The shoemaker singing as he sits on his bench—the hatter singing as he stands;
The wood-cutter’s song—the ploughboy’s, on his way in the morning, or at the noon intermission, or at sundown;
The delicious singing of the mother—or of the young wife at work—or of the girl sewing or washing—
Each singing what belongs to her, and to none else;
The day what belongs to the day—
At night, the party of young fellows, robust, friendly,
Singing, with open mouths, their strong melodious songs.

Only a few years after the terrible and bloody Civil War tore this nation apart, Walt Whitman could dream of a nation varied and at singing each his or her own song. Can we still give voice to that hope and expectation?

Emma Lazarus   The New Colossus  1883

Not like the brazen giant of Greek fame,
With conquering limbs astride from land to land;
Here at our sea-washed, sunset gates shall stand
A mighty woman with a torch, whose flame
Is the imprisoned lightning, and her name
Mother of Exiles. From her beacon-hand
Glows world-wide welcome; her mild eyes command
The air-bridged harbor that twin cities frame.
“Keep, ancient lands, your storied pomp!” cries she
With silent lips. “Give me your tired, your poor,
Your huddled masses yearning to breathe free,
The wretched refuse of your teeming shore.
Send these, the homeless, tempest-tost to me,
I lift my lamp beside the golden door!”

America was then a vast, empty land hungry for the energy of immigrants. Can we still absorb the masses? In what way?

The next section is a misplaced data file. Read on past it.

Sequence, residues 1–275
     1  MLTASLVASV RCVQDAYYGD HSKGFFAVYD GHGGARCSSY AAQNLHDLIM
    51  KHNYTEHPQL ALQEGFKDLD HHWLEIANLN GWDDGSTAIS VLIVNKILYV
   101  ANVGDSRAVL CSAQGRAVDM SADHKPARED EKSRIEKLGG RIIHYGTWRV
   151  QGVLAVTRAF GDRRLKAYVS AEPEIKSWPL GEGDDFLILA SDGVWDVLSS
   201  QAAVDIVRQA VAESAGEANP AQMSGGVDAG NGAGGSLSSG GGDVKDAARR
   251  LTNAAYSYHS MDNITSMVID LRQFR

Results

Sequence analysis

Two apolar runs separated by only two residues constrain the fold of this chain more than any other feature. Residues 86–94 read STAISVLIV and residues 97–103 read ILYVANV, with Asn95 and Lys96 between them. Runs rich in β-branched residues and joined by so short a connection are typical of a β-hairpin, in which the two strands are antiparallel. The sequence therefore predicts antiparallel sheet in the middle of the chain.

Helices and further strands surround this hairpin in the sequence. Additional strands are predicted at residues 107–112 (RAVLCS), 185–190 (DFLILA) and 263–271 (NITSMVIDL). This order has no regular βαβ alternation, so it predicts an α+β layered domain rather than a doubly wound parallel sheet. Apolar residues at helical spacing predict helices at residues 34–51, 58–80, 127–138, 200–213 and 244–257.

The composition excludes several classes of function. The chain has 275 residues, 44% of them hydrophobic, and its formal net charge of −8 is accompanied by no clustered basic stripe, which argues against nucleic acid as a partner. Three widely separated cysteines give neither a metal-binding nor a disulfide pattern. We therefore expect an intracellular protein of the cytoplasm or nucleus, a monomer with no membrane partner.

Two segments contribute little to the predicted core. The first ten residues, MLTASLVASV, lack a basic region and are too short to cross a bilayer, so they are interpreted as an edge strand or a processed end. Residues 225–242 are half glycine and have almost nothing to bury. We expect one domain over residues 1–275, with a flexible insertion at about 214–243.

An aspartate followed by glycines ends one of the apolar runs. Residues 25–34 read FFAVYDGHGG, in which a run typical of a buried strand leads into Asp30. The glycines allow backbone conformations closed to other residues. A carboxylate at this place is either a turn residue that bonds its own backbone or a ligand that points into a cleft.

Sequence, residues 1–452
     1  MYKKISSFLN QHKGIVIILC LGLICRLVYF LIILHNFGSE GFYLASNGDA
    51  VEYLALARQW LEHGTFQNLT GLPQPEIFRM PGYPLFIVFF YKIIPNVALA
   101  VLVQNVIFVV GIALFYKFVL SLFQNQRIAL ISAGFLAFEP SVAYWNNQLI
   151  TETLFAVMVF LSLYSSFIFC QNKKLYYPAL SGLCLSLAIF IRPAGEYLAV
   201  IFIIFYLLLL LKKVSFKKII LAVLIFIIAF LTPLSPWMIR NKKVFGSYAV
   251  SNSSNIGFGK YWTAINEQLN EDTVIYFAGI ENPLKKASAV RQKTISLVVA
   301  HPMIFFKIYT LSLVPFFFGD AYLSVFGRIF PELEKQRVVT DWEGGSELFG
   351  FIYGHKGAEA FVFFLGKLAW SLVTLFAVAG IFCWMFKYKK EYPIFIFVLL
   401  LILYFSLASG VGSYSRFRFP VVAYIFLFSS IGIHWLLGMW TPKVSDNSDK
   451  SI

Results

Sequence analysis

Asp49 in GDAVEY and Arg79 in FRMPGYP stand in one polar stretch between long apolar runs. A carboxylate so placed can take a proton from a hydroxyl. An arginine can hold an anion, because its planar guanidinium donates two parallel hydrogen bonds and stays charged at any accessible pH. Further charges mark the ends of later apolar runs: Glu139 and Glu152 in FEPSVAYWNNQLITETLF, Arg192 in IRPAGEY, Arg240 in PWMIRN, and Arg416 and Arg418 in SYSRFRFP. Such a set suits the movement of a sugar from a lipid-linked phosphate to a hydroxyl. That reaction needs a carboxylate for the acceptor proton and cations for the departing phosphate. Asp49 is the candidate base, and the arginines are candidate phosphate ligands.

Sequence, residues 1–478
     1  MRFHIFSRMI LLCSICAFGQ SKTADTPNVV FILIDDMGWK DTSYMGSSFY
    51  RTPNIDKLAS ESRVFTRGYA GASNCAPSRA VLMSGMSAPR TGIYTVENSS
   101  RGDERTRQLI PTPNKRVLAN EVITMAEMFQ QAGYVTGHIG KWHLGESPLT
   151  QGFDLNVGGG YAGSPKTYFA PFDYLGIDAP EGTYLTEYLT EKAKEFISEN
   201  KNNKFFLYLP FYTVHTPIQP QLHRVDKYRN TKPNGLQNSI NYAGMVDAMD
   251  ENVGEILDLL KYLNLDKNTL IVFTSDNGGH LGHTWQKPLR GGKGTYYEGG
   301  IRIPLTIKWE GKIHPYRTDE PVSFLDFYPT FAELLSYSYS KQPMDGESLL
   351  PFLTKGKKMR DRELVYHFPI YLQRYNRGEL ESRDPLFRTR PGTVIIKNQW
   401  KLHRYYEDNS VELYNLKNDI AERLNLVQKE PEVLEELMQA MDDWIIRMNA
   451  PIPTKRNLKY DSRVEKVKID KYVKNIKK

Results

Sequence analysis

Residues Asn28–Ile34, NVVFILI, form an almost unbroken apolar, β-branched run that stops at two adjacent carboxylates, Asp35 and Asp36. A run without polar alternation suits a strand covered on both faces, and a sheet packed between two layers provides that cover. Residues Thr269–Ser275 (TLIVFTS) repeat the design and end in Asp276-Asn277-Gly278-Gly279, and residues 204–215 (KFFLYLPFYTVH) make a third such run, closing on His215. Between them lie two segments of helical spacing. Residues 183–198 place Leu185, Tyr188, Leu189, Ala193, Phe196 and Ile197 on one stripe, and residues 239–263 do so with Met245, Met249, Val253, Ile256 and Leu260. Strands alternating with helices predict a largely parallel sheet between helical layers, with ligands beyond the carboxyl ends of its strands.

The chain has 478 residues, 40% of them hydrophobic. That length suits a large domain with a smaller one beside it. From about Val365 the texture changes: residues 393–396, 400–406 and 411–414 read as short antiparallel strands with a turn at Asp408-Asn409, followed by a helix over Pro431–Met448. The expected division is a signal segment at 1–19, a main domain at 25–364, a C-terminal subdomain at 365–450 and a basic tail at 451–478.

Martin Luther King Jr. I Have a Dream  1963

I have a dream that one day this nation will rise up and live out the true meaning of its creed: "We hold these truths to be self-evident, that all men are created equal." . . .
I have a dream today! . . .
I have a dream that one day every valley shall be exalted, and every hill and mountain shall be made low, the rough places will be made plain, and the crooked places will be made straight; "and the glory of the Lord shall be revealed and all flesh shall see it together."2
This is our hope, and this is the faith that I go back to the South with.
With this faith, we will be able to hew out of the mountain of despair a stone of hope. With this faith, we will be able to transform the jangling discords of our nation into a beautiful symphony of brotherhood. With this faith, we will be able to work together, to pray together, to struggle together, to go to jail together, to stand up for freedom together, knowing that we will be free one day.
And this will be the day -- this will be the day when all of God's children will be able to sing with new meaning:
My country 'tis of thee, sweet land of liberty, of thee I sing.
Land where my fathers died, land of the Pilgrim's pride,
From every mountainside, let freedom ring!
And if America is to be a great nation, this must become true.
And so let freedom ring from the prodigious hilltops of New Hampshire.
Let freedom ring from the mighty mountains of New York.
Let freedom ring from the heightening Alleghenies of Pennsylvania.
Let freedom ring from the snow-capped Rockies of Colorado.
Let freedom ring from the curvaceous slopes of California.
But not only that:
Let freedom ring from Stone Mountain of Georgia.
Let freedom ring from Lookout Mountain of Tennessee.
Let freedom ring from every hill and molehill of Mississippi.
From every mountainside, let freedom ring.
And when this happens, and when we allow freedom ring, when we let it ring from every village and every hamlet, from every state and every city, we will be able to speed up that day when all of God's children, black men and white men, Jews and Gentiles, Protestants and Catholics, will be able to join hands and sing in the words of the old Negro spiritual:
                Free at last! Free at last!
                Thank God Almighty, we are free at last!

No need to say more than, “Amen.”